Leo: I mean, this is - I think this has been more widely known than you realize. A lot of times when you jailbreak a phone or modify a phone or hack a phone - the baseband software is the radio software. So basically you often have to modify the radio software. So, and I think that's one of the reasons you can do it is because hackers take advantage. Hacking and jailbreaking, rooting and jailbreaking, rooting for Android and jailbreaking for iOS, almost always take advantage of security flaws. That's what makes it easy to do. And I think often the security flaws in the baseband are where they attack. So while this is a revelation to some, I think this isn't such news.

Steve: Well, what I think we're going to see, I mean, so people were asking me, what does this mean? And my take, I mean, I understand what you just said, Leo, but we're now seeing enabling technologies we haven't had before. We've talked about software radios, which have really come up in capability and down in price. That will enable individuals to trivially set up malicious fake cell towers. And so it's been one thing for the software running on the phones to be insecure. But once what's running on the phones is understood, we're going to see next-generation exploits of evil cell towers, so-called base stations, set up. And people's phones will connect to them because they will look exactly like a Verizon or an AT&T or a Cingular or a Sprint or whatever, and the phone will connect to it. I mean, these things still had the Hayes instruction, the Hayes command set.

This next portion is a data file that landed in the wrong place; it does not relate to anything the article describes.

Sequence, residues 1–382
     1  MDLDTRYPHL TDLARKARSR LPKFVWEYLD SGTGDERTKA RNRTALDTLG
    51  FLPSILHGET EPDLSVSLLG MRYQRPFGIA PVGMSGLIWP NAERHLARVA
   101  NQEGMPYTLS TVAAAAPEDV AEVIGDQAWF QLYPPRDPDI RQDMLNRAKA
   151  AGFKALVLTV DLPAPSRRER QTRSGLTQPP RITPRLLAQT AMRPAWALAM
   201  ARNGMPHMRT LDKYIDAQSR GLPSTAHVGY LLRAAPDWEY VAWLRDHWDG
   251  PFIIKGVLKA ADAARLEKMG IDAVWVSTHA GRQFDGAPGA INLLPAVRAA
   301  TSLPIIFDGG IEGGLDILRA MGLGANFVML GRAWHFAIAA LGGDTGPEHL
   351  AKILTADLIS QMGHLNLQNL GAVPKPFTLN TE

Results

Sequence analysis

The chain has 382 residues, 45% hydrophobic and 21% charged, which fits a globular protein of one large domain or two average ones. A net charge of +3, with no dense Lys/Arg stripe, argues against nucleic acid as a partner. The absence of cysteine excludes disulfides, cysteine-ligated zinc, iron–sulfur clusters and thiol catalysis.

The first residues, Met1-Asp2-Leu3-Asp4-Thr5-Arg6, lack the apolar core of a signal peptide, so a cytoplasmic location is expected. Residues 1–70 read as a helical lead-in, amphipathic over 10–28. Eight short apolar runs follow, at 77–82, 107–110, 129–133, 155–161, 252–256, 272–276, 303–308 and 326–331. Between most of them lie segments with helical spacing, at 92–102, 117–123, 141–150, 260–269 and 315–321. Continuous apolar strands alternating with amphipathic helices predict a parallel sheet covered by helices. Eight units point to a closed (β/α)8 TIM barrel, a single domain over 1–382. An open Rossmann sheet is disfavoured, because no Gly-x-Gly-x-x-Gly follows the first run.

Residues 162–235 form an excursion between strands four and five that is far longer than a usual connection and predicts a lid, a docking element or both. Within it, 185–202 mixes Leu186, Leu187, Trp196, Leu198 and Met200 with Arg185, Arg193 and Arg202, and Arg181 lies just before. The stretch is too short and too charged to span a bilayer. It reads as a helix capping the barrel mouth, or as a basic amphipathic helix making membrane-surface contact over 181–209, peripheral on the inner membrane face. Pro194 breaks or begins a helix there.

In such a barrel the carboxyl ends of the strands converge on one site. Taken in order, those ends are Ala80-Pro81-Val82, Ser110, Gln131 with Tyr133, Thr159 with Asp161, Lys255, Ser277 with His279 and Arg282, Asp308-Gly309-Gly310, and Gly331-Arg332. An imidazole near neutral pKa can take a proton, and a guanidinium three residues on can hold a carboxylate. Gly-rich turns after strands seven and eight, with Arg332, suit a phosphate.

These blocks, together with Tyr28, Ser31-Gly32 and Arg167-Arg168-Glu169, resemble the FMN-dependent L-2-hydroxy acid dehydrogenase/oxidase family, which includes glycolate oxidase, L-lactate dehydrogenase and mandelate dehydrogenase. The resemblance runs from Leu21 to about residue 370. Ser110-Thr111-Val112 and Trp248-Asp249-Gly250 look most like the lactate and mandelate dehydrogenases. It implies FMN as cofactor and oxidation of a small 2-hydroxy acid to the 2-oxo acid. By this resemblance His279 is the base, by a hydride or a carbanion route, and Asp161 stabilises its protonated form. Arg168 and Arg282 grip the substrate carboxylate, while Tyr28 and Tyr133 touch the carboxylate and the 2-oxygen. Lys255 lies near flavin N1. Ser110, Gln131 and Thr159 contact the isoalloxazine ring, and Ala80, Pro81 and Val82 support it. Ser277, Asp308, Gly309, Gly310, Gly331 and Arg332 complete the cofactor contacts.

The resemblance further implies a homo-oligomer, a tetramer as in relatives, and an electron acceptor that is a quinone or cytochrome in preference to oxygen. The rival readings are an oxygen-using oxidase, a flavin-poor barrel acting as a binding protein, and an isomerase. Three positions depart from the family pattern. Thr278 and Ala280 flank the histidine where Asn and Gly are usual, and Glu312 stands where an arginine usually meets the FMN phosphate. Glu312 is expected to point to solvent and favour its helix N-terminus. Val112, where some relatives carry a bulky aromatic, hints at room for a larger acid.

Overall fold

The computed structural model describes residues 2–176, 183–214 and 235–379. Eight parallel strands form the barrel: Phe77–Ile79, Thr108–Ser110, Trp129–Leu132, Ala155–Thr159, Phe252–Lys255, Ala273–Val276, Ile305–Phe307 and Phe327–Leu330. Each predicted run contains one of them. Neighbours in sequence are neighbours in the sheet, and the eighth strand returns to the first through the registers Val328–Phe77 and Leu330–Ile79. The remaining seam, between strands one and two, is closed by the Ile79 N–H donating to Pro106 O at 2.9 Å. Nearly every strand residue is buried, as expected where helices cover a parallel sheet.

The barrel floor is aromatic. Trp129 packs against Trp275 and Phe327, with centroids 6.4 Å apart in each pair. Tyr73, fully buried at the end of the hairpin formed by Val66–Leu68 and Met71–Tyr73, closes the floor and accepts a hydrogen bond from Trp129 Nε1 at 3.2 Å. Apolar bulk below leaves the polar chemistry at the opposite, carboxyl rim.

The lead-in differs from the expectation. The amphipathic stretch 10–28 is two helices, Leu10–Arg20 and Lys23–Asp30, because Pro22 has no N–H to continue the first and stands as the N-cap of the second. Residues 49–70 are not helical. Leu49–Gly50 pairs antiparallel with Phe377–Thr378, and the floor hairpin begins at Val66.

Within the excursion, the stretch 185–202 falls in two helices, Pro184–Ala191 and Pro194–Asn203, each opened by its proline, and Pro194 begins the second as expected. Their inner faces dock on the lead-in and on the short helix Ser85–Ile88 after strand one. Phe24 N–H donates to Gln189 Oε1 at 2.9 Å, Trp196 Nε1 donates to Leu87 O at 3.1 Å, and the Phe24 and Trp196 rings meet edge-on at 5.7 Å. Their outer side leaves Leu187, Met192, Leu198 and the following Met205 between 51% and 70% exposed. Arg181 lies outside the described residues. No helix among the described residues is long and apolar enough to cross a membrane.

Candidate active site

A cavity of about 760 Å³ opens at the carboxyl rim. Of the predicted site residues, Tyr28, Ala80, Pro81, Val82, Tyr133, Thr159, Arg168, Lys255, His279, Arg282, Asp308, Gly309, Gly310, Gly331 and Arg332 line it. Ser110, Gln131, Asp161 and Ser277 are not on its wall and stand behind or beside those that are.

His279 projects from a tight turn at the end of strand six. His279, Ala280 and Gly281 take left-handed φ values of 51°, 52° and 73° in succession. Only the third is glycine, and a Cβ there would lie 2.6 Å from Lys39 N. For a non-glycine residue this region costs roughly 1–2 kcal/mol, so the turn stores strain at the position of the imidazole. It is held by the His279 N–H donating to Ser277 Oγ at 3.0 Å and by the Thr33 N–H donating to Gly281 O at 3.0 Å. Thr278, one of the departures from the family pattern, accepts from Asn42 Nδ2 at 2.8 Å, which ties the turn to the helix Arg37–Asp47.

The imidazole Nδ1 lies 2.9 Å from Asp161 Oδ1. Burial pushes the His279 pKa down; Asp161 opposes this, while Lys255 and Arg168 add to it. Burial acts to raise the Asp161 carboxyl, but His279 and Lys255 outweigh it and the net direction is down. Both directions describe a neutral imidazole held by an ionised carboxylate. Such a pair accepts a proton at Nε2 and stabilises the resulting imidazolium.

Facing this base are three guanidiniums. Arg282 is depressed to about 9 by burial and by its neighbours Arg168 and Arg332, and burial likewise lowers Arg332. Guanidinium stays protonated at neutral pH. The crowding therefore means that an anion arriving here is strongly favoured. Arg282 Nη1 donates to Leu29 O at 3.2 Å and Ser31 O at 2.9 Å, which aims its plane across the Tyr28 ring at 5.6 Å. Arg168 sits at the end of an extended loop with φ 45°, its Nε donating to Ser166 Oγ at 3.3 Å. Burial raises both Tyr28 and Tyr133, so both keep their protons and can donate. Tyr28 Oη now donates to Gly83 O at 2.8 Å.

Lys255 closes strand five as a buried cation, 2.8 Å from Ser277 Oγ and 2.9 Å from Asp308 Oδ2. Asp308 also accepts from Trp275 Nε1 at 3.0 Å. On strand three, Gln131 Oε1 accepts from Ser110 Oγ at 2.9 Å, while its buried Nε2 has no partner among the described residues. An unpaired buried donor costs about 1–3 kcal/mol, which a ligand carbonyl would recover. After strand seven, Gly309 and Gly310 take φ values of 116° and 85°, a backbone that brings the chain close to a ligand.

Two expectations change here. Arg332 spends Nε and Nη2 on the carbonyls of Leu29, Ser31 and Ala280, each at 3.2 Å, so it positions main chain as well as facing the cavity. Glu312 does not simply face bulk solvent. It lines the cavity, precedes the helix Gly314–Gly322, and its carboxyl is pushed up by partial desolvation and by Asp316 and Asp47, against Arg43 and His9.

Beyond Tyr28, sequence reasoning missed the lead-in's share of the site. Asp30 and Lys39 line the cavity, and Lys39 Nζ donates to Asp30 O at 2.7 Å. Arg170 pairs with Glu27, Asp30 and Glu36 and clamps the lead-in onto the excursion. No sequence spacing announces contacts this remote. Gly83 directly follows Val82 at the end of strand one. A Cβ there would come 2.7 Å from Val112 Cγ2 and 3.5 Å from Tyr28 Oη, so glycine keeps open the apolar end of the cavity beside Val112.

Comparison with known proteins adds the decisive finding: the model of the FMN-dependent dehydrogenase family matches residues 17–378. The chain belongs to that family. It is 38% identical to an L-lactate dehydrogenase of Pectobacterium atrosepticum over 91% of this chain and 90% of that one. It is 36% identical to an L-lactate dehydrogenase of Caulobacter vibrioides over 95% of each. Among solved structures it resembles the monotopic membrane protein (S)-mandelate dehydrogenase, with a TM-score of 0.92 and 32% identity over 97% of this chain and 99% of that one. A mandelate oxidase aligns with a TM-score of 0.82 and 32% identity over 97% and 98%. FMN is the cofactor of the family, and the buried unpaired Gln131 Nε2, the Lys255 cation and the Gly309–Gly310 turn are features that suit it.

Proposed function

Leo: Yeah, ATDT, yeah, yeah.

Steve: It's like, oh, my god. That's all in there. And I think we're going to - we haven't, I mean, even though the vulnerability's been understood, as we know, ease of exploitation matters, and cost to exploit matters. And when the software programmable radios mature, and people start writing exploit kits and starting posting them, we're going to start seeing problems that we haven't seen before. So my take is I don't think anyone's going to - maybe the people doing the radio software are now understanding they need to wake up. And I hope they are because, if they don't, this will be the next frontier. Even though it's an old one. And really, things that are being exploited are typically been around for a long time. But it's like, oh, look, we can do this now. And so people are going to start.

Leo: It's definitely in the interests of Qualcomm and these companies to secure this stuff.